Last month I wrote about how I thought that accessibility would be a big topic in AV during 2020. A big reason we will hear more about this is a lawsuit that Harvard recently settled with the National Association of the Deaf. In the settlement, Harvard agreed to provide captioning for all new content placed in online resources. Additionally, the university agreed to within two years, also provide captions for all older video content. The signal this sends through higher education is that everyone is going to have to follow this lead. It stands to reason that in addition to being the law, this is undoubtedly the right thing to do. Beyond providing equal access to this content to those who are deaf, it also offers services to many other people: viewers who don’t speak English, those who may want to better understand what is being said, and those with disabilities of which we are unaware.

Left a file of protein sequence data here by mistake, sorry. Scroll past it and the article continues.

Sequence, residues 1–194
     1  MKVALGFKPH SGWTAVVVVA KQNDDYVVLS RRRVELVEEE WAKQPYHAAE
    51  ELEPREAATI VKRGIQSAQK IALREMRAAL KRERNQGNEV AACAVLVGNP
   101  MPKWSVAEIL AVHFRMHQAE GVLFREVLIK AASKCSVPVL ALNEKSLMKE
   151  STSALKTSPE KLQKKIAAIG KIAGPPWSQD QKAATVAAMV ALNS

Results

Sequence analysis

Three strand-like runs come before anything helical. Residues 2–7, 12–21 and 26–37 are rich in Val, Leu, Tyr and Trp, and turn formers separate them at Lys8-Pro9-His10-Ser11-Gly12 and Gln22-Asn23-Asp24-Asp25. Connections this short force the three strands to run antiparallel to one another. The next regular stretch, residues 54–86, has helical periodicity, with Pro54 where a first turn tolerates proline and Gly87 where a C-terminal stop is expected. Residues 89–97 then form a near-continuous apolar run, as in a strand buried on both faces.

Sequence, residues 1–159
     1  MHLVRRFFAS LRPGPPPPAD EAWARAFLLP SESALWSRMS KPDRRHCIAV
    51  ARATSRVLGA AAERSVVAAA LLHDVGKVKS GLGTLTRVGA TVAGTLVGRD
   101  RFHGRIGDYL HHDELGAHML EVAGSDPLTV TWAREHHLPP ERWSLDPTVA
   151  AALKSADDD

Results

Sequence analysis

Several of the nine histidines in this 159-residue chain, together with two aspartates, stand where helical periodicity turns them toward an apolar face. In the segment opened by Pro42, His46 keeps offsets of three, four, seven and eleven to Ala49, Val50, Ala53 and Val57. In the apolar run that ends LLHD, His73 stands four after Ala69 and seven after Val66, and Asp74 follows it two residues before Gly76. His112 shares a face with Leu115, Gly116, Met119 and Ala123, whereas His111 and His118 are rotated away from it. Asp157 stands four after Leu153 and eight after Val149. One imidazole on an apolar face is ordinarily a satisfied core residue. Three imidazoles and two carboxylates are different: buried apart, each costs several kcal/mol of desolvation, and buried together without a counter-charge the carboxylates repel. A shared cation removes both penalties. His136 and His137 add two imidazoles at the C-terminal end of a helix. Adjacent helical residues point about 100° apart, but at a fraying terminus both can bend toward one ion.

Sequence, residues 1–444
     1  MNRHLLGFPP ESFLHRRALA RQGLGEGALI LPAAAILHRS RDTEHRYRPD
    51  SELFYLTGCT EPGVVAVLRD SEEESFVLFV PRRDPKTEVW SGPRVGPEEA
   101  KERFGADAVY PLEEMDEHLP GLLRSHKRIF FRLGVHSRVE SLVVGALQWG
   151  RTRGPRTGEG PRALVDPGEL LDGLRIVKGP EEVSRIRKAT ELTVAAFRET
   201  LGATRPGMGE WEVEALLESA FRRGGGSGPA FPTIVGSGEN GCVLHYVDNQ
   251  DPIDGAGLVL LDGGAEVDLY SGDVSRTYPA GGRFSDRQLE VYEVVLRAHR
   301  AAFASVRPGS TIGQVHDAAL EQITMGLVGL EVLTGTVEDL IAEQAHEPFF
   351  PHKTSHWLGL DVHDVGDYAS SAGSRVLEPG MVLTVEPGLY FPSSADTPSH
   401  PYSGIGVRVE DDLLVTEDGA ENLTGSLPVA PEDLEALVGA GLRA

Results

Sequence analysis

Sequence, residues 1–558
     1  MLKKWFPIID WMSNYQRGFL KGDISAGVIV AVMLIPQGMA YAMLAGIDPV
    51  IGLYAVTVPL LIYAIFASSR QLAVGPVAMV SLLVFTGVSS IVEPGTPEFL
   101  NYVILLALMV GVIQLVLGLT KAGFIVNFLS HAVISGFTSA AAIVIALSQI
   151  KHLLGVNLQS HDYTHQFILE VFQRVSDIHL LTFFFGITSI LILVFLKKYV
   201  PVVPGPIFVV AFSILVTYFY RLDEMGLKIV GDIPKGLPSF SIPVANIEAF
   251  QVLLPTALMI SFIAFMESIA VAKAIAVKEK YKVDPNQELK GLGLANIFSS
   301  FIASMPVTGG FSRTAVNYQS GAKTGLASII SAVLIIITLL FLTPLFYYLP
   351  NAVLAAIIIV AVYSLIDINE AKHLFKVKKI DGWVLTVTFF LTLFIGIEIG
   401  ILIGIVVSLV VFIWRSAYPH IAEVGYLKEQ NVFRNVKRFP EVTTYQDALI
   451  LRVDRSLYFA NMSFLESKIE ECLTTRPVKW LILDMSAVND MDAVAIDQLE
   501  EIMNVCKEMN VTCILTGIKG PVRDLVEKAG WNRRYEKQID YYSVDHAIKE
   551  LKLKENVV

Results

Over the next few blogs, I will write about more than just accessibility, and write instead about a concept called Universal Design. Universal Design was developed over 20 years ago at North Carolina State University. Wikipedia defines Universal Design as “the design of buildings, products or environments to make them accessible to all people, regardless of age, disability or other factors.” According to the National Disability Authority, the concept of Universal Design has seven principles. Each of these principles can have effects on the audiovisual systems on college campuses. They are: